The Wikimedia Foundation’s Board of Trustees will be considering it this week. The amendment’s passage may be inevitable, given the strong community support (837-286). [UPDATE: Please see the insights offered below by Nemo, who questions the appearance of community support] I still think it would be a mistake; Continue reading
Are you a Wikipedian? Do you want to help a museum, a library, a university, or other organization explore ways to engage with Wikipedia? Great – you should offer your expertise as a Wikipedian in Residence!
If you find yourself in such a role, you will have opportunities to help your host organization contribute to the sharing of knowledge in new and exciting ways; and to help Wikipedia readers and editors around the world benefit directly from the expertise and institutional knowledge your host possesses. Ideally, your role is that of a connector and a facilitator; you should aim to empower those around you (both the staff of your host organization, and Wikipedia volunteers who share the organization’s interests).
So what can you do to get off to a good start? Below are a few ideas, drawn from past Wikipedian in Residence programs. (It may also be helpful to review the assessment of a program that many felt was not planned effectively: Assessment of Belfer Center Wikipedian in Residence program)
1. Chat it up on Wikipedia!
A great Wikipedian in Residence will convene discussion among Wikipedians and the host organization’s people, both online and in person. ©Lettera 27, CC BY-SA 3.0.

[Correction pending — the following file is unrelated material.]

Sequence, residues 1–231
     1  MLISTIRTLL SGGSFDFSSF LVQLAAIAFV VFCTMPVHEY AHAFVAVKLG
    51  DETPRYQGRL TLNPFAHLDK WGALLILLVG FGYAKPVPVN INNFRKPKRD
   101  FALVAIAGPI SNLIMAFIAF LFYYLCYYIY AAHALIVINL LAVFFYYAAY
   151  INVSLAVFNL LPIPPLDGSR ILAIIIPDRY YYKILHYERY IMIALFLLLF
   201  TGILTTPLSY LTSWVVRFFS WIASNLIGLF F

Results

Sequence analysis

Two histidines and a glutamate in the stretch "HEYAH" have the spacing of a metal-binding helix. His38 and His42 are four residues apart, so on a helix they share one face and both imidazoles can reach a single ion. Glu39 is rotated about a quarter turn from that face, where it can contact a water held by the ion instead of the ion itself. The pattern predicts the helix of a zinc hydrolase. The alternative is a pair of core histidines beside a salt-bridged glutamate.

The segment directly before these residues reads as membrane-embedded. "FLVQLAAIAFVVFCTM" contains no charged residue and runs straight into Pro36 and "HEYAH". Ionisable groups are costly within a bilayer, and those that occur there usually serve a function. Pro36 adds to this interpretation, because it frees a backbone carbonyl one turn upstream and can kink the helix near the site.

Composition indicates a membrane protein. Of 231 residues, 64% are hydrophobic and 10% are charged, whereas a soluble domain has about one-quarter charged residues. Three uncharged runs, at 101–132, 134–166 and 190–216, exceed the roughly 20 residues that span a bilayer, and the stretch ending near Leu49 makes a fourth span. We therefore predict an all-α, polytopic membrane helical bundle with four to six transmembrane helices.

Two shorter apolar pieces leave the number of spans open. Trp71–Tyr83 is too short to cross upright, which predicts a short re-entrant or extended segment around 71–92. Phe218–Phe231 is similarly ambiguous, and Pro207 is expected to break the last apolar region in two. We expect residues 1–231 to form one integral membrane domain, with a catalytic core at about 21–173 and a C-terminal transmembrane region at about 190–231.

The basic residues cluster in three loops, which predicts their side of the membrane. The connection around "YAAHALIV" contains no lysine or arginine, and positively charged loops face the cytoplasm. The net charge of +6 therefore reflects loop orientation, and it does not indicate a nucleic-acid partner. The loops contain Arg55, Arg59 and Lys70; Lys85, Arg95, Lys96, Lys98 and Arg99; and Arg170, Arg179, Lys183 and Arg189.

Wikipedia’s talk pages can be drama machines – or they can be ghostly silent. But when all is going well, they can be incredible forums for processing complex information, and determining the best way to clearly and neutrally guide a reader’s learning process.
What makes discussions on Wikipedia work well? Continue reading
I recently encountered the question: “Has Wikipedia surpassed the quality of traditional encyclopedias?” Here’s my answer:
Absolutely, yes. Wikipedia has established ways of thinking about encyclopedic “quality” that never existed before. Oh, a few ideas off the top of my head — before Wikipedia, nobody would have ever thought it might be possible to find, in a single general interest encyclopedia: Continue reading
For those seeking more context for this blog post, I recommend this summary by William Beutler.
The “Lessons Learned” identified in the Wikimedia Foundation’s report
Last week, Sue Gardner of the Wikimedia Foundation (WMF) reported on WMF’s role in placing a paid Wikipedia writer (“Wikipedian in Residence” or “WIR”) at Harvard’s Belfer Center, paid for by the Stanton Foundation. Gardner’s report acknowledges that WMF was negligent; but based on my substantial and direct contact with the program – before, during, and after its execution, as described here – I consider that conclusion insufficient. The WMF knew that its actions were mistakes before it made them – and then it made them anyway. Continue reading